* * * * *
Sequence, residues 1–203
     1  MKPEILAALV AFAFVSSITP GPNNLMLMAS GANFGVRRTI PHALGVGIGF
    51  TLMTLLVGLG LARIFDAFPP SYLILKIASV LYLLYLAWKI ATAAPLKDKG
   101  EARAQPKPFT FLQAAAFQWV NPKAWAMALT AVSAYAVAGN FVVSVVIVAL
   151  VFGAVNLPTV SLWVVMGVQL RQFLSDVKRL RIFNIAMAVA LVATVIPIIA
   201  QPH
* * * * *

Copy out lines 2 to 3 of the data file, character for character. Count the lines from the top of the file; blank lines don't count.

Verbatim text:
     1  MKPEILAALV AFAFVSSITP GPNNLMLMAS GANFGVRRTI PHALGVGIGF
    51  TLMTLLVGLG LARIFDAFPP SYLILKIASV LYLLYLAWKI ATAAPLKDKG